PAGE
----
How to make poverty history?
From a talk by Dr Lant Pritchett
Dr Lant Pritchett is a development economist, has worked with the World Bank, was a Professor at the Harvard Kennedy School and is affiliated with Oxford’s Blavatnik School of Government. He has published over a hundred books, journal articles, working papers with over fifty different co-authors. Here is some thought-provoking excerpts from a recent talk that he gave in Oxford:
We need to get rid of some intellectual weeds, some totally wrong ideas:
The idea of a poverty line.
The main cause of poverty is something about people and their characteristics or their decisions
The idea that we can reduce poverty by focusing on poor people.
That targeted programmes, either that are redistributive or targeted to augment the productivity of the poor, are key to poverty reduction.
Once we can get rid of those intellectual weeds, we can make some plans. Creating prosperity is what we should be doing because creating prosperity actually eliminates poverty automatically. If you create prosperity, you get rid of poverty anyway. Widespread poverty is not the result of poor people. It's the result of people being trapped in poor places. You need to focus on the productivity of the place people are in. Prosperity is created by including people in the productive economies and organisations. Not by isolating out people to target them, but rather by thinking we need to make them productive and include people into the productive economy, which means you need a productive economy first. If you don't have a productive economy, there's nothing to be included into.
Going back to the weeds, firstly, If you draw a line through income distribution and say a person below this line is poor and a person above this line is not poor, you've already created a massive intellectual mistake. There is no line in the income space that separates out a group of people called poor from a group of people called non-poor. If a person in extreme poverty earning under $1.25 per day, there is no celebration party when they cross the line and earn $1.26 per day and are non-poor!
Secondly, it's not who you are, it's where you are. The idea that somehow people are poor because they're poor people, they have intrinsically low productivity, is just fundamentally not true. People mostly have low income because they work in a low productivity place, which means trying to raise the income of a specific individual without changing the productivity of their place is a very low return exercise.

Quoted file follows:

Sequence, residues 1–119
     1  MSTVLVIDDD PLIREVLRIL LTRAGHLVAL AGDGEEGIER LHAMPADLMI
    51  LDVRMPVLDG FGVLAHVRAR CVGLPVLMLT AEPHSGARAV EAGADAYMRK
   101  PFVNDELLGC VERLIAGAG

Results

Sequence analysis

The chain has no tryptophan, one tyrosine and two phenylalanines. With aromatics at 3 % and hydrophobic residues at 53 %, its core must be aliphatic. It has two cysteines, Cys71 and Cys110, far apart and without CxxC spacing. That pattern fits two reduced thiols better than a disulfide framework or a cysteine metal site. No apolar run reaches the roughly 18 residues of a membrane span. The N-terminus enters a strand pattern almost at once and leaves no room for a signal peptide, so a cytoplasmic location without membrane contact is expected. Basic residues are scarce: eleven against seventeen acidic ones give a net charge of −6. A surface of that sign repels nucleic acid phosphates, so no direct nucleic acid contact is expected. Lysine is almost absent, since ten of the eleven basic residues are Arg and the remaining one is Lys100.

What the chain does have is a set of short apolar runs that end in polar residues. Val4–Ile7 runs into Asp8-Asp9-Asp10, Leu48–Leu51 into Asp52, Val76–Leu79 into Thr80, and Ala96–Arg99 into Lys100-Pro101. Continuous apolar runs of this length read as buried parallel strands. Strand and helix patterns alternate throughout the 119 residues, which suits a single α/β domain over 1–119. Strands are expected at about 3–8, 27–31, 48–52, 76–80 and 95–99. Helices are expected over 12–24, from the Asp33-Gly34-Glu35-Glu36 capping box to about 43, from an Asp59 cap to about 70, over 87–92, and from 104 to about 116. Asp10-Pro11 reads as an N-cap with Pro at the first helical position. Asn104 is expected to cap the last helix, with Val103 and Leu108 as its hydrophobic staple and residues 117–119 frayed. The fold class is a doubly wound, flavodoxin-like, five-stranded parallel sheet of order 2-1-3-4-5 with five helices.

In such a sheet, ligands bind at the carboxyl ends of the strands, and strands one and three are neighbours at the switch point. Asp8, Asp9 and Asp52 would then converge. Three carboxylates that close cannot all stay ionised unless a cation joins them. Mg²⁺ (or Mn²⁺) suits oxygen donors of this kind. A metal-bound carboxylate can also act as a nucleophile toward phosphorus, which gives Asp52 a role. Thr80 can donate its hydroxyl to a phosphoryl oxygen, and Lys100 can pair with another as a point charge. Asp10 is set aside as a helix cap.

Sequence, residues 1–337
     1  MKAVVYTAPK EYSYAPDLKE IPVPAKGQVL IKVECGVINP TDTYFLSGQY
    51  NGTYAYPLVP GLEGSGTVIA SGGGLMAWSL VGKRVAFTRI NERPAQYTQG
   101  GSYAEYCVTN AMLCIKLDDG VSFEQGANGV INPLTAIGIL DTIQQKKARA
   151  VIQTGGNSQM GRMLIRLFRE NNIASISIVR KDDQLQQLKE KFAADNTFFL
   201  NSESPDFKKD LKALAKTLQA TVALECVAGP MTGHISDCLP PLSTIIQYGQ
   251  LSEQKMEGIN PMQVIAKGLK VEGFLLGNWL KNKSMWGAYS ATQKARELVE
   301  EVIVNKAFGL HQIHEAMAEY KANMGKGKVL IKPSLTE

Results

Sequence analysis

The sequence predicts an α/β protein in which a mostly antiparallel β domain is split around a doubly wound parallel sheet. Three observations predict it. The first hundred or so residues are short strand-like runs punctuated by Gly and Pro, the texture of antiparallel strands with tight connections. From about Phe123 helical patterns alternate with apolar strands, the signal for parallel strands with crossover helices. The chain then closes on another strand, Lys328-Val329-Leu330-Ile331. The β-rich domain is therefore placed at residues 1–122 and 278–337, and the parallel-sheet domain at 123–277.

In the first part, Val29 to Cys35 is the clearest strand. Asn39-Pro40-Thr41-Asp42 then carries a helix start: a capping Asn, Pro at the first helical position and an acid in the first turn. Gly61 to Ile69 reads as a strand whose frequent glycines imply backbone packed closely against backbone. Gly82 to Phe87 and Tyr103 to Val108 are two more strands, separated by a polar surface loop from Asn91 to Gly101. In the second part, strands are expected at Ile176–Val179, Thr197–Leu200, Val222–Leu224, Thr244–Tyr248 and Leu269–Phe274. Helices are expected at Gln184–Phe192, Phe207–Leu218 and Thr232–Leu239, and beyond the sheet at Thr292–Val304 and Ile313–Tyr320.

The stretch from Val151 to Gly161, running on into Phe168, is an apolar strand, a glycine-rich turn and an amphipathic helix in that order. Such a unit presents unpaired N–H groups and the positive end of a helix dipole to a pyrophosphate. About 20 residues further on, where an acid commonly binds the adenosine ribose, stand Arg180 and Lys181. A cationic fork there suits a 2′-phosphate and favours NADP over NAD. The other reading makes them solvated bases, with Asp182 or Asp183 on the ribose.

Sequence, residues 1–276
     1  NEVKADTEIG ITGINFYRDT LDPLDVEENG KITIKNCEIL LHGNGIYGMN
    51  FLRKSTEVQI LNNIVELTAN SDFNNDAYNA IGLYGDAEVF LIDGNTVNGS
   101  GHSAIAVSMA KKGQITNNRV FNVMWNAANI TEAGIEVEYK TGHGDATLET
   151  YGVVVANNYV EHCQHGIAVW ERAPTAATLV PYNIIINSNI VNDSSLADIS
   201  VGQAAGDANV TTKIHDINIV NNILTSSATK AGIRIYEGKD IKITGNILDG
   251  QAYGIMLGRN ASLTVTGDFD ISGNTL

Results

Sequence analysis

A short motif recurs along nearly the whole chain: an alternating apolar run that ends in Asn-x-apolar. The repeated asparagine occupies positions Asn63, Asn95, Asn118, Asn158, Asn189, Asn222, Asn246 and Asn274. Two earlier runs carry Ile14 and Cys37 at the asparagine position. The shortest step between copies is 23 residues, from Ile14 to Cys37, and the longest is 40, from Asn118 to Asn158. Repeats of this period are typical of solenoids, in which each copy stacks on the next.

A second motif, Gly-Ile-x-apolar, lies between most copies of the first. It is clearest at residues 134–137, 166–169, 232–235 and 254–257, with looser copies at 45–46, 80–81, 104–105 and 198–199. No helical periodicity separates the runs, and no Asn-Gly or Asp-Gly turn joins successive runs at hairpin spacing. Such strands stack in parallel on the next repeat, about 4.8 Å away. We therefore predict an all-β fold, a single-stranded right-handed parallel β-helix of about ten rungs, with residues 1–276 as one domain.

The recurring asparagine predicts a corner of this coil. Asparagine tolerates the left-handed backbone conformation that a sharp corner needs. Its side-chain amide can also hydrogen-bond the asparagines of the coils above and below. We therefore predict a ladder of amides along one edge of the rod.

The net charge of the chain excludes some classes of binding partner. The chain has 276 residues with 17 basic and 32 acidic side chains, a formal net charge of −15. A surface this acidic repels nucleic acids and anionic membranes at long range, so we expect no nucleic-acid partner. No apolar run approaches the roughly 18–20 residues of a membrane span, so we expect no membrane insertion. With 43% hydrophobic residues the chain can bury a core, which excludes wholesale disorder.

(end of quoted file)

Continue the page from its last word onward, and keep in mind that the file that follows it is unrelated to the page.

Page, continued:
Recently, there was a gold-standard study that examined anti-poverty programmes. What they found is that if you spent $4,500 on the programme in a developing country over two years, you generated $344 in additional household income in the third year. Whereas, if you just take a low skill worker from one of the countries in which they implemented that programme, and you move that same person from the place they are and let them work in the United States, their income would go up $13,000 a year. Why? Because their intrinsic productivity isn't low, they' were working in a low productivity place. Focusing on attempting to remediate the poverty problem by focusing on the incomes of the people who are poor without considering the productivity of the place is a losing game. People fundamentally are poor because they're working in a low productivity environment. Just letting them work in a high productivity place illustrates orders of magnitude bigger impacts.
Let's look at Vietnam. 80% of the population used to be below the extreme poverty line. Now, it's essentially hit a level so low it's almost impossible to measure. Why? Not because the Vietnamese poor had programmes. It's not because the Vietnamese poor didn't make decisions differently. Not because anybody sat around and did behavioural programmes and nudged the poor. Not because of anything other than Vietnam fundamentally transformed the productivity of the country by adopting policies that allowed it to get more and more productive. That completely eliminated poverty within our lifetime. Under a microscope, we have reliable household surveys over this entire period. No question about the numbers. No question about the reality. Poverty disappeared completely without any fundamental transformation in the people. It was a transformation in the productivity of the place.
I was involved in a very large mixed quantitative and qualitative study of moving out of poverty around the world. Our study was based on people who were identified from ten years ago who had been poor and then we went back and sampled the people that their neighbours and fellow villagers had identified as moving out of poverty. We asked them their own narrative, their own story. How did they say they moved out of poverty? 71% named economic transformation related causes - "I got a new job. I started a new business. I added a new activity. I had this source of income. Hard work.". Only 0.3% named NGO activities - slightly higher than winning lottery or criminal activities (0.1%). So most of what you would hear about poverty initiatives are making no difference in the lives of anyone. They're so small and so relatively ineffective because it's really hard to change it if you don't change the country circumstance. If you change the country circumstances, you solve poverty.